Angelos Sikelianos was one of Greece’s most distinguished poets, born on the island of Lefkada on March 15, 1884. Dedicating his life to his work, Sikelianos developed some of Greece’s most prestigious pieces of literature, being nominated five times for a Nobel Prize.
His first poem “Alafroiskiotos”, written in 1907 on a trip to Egypt, was a true hymn to Greek nature, written with admirable power and coarse original lyrics. During the Balkan Wars (1912-1913), in which he took part, he wrote patriotic poems, which were published in newspapers, magazines and in the poetry collection “Verses” (1921).
In May 1927, in collaboration with his wife, Eva Palmer-Sikelianos, Sikelianos held the Delphic Festival as part of his general effort towards a revival of the ‘Delphic Idea’. The ‘Delphic Feasts’ featured performances of ancient tragedies and popular exhibitions, attracting global attention.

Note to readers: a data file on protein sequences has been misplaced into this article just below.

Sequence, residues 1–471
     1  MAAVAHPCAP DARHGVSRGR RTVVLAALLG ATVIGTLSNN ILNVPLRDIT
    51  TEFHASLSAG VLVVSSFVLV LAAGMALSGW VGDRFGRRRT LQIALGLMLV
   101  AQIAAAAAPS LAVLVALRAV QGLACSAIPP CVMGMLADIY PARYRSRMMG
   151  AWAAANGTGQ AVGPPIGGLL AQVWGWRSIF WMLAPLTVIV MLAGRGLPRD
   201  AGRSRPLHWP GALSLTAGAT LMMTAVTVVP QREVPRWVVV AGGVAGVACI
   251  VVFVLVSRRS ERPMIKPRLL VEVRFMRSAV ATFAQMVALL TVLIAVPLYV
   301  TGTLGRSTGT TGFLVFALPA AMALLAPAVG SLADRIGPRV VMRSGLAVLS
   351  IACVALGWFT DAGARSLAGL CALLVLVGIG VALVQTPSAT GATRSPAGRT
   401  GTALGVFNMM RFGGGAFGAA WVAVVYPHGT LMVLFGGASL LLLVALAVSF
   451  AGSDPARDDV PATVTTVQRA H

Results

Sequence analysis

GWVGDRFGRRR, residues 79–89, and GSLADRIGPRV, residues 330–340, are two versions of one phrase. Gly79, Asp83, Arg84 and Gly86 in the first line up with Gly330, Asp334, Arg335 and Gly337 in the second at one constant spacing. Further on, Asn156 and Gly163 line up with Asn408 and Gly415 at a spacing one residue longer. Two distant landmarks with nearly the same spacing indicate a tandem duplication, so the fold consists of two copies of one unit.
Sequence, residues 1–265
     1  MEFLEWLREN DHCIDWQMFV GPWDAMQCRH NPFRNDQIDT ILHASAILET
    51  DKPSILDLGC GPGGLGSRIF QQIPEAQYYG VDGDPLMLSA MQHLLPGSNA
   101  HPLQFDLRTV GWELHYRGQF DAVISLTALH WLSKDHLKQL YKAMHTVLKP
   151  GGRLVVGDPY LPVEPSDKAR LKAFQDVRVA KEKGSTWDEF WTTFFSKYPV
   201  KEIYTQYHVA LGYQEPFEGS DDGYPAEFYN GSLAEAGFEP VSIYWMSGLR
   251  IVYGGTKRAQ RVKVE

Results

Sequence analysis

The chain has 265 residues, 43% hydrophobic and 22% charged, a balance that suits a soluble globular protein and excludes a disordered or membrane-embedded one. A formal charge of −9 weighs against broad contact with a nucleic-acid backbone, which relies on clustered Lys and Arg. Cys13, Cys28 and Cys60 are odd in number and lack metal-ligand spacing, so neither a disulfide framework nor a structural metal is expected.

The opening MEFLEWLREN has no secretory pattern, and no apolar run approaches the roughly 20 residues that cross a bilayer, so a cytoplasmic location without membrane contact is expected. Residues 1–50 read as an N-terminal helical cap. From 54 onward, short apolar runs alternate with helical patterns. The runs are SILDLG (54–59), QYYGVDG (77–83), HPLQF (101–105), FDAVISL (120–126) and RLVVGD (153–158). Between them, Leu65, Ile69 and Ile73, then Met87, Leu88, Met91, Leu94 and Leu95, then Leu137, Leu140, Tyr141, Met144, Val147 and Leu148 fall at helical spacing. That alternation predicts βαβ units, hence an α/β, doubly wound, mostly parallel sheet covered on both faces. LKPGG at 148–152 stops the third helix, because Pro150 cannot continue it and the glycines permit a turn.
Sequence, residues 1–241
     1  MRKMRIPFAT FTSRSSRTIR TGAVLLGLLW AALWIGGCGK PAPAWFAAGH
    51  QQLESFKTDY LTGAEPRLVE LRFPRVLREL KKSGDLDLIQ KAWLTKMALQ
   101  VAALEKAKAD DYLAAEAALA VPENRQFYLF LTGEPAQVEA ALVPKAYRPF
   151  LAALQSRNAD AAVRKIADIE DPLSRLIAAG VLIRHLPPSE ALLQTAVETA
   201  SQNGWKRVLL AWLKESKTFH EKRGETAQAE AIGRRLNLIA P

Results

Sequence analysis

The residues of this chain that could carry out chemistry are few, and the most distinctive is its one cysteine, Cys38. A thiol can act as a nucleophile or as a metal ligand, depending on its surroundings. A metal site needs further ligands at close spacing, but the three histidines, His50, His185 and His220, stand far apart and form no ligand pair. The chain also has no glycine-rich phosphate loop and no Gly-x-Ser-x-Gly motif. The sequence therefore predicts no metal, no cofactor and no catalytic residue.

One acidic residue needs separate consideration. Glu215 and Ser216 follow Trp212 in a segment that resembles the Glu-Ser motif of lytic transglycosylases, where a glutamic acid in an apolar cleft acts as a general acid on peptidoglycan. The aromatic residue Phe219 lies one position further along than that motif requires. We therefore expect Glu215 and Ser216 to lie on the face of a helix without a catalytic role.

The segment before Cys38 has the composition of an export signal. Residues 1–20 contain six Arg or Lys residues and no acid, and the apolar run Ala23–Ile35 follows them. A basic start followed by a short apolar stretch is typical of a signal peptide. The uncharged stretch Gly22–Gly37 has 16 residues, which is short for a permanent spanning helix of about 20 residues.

Much of Sikelianos’ poetic inspiration is drawn from themes from the ancient Greek world, mythology and mysticism. Such are his tragedies: “Dithyrambus of Rhodes” (1933) and “Daedalus in Crete”, as well as many poems.
The poetic creation of Sikelianos is of special value, from when the first signs of World War II began to its end. During the occupation of Greece, he secretly wrote and published “Akritika” (1941-1942), a cry of pain for enslaved Hellenism. In 1947, his poetic work titled “Lyrical Life” was published in three volumes.
On June 4, 1951, due to a mistake by a domestic helper, he received a disinfectant instead of his medicine, suffering severe burns to his respiratory organs. On June 19, 1951, he died at the “Pammakaristos” clinic in Athens.
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